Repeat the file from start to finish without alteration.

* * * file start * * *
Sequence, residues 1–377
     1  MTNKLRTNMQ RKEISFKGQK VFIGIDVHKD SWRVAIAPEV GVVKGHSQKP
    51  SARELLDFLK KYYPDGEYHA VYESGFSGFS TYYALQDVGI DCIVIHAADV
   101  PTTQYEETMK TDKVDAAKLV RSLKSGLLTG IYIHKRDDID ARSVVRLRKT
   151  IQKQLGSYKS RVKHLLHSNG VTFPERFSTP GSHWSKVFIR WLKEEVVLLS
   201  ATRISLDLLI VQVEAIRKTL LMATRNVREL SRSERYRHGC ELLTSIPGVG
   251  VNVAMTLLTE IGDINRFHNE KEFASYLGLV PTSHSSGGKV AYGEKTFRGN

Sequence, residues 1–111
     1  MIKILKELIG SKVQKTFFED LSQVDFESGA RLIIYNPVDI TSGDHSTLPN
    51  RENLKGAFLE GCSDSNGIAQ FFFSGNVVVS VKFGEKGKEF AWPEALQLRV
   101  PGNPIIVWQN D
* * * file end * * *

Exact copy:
Sequence, residues 1–377
     1  MTNKLRTNMQ RKEISFKGQK VFIGIDVHKD SWRVAIAPEV GVVKGHSQKP
    51  SARELLDFLK KYYPDGEYHA VYESGFSGFS TYYALQDVGI DCIVIHAADV
   101  PTTQYEETMK TDKVDAAKLV RSLKSGLLTG IYIHKRDDID ARSVVRLRKT
   151  IQKQLGSYKS RVKHLLHSNG VTFPERFSTP GSHWSKVFIR WLKEEVVLLS
   201  ATRISLDLLI VQVEAIRKTL LMATRNVREL SRSERYRHGC ELLTSIPGVG
   251  VNVAMTLLTE IGDINRFHNE KEFASYLGLV PTSHSSGGKV AYGEKTFRGN

Sequence, residues 1–111
     1  MIKILKELIG SKVQKTFFED LSQVDFESGA RLIIYNPVDI TSGDHSTLPN
    51  RENLKGAFLE GCSDSNGIAQ FFFSGNVVVS VKFGEKGKEF AWPEALQLRV
   101  PGNPIIVWQN D